Cycle of Intentional Practice

An artistic rendering of the Cycle of Intentional Practice by artist Andrea Herrick

What I find most amazing is that two crucial ideas—reflection and impact—were not present in the first iterations of the cycle, although they were discussed when I talked about intentionality.  Our intentional planning work (which we refer to as impact planning) would be rudderless without the presence of impact and our ability to learn from our work would be weakened without reflection.  And that brings me to another realization, which I am reminded of daily—the never-ending pursuit of achieving clarity of thought, followed by writing a clear expression of that thought.

Today I talk about the Cycle of Intentional Practice as a draft—it will always be on the verge of becoming, but these days I am more comfortable with the idea of the Cycle being a draft—an idea in process—than I was a decade ago; in fact, I have come to realize that all work is a draft and that if one is serious about learning and applying new ideas to work and life, then all ideas, all products, all knowledge are mere drafts because learning is continuous, right?

Humbling?  Yes indeed.

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Welcome to the Intentional Museum Blog, an all-staff endeavor of Randi Korn & Associates.  We intend to share our thoughts and questions twice monthly about compelling ideas we come across in our work and readings.  The platform for our practice and the inspiration for our postings is the Cycle of Intentional Practice.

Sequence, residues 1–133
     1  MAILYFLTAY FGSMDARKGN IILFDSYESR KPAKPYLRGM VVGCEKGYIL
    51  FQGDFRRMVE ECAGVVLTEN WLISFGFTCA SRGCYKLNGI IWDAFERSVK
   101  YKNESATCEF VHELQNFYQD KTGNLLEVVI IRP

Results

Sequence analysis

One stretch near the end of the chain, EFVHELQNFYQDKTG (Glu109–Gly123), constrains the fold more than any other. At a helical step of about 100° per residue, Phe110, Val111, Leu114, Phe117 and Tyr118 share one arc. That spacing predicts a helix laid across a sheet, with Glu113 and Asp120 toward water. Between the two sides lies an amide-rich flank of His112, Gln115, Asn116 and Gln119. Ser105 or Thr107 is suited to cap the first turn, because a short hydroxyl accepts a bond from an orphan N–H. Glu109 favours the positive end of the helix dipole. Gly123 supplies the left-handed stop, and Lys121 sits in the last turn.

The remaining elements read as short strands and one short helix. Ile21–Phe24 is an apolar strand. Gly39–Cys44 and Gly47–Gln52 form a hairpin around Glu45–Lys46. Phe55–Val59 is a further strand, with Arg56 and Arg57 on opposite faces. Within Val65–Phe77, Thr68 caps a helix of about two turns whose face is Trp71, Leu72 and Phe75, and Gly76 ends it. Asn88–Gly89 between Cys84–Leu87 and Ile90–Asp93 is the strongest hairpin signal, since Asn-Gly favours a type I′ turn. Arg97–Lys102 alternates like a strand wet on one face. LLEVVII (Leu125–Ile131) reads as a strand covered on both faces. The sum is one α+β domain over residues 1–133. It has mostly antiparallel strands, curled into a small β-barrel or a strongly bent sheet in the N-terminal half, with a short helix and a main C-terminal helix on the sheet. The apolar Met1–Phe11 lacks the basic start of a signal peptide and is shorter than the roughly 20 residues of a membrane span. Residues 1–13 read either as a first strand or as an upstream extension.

Cycle of Intentional Practice

This cycle has emerged slowly, evolving over the last 10 to 15 years, as I started to think about all I had learned as an evaluator and researcher while pursuing my passion of studying people’s experiences in informal learning environments.  In our work as planners and evaluators in museums, we have witnessed how difficult it can be to achieve results that reflect a museum’s original intentions.  Likewise, we have witnessed that results surface when organizations focus their energy, decisions, actions, and dollars towards well-articulated ends.  Thus, increasingly, intentionality is becoming a driving force in our work with clients, as we recognize how vital it is as an idea, action, theory, and practice.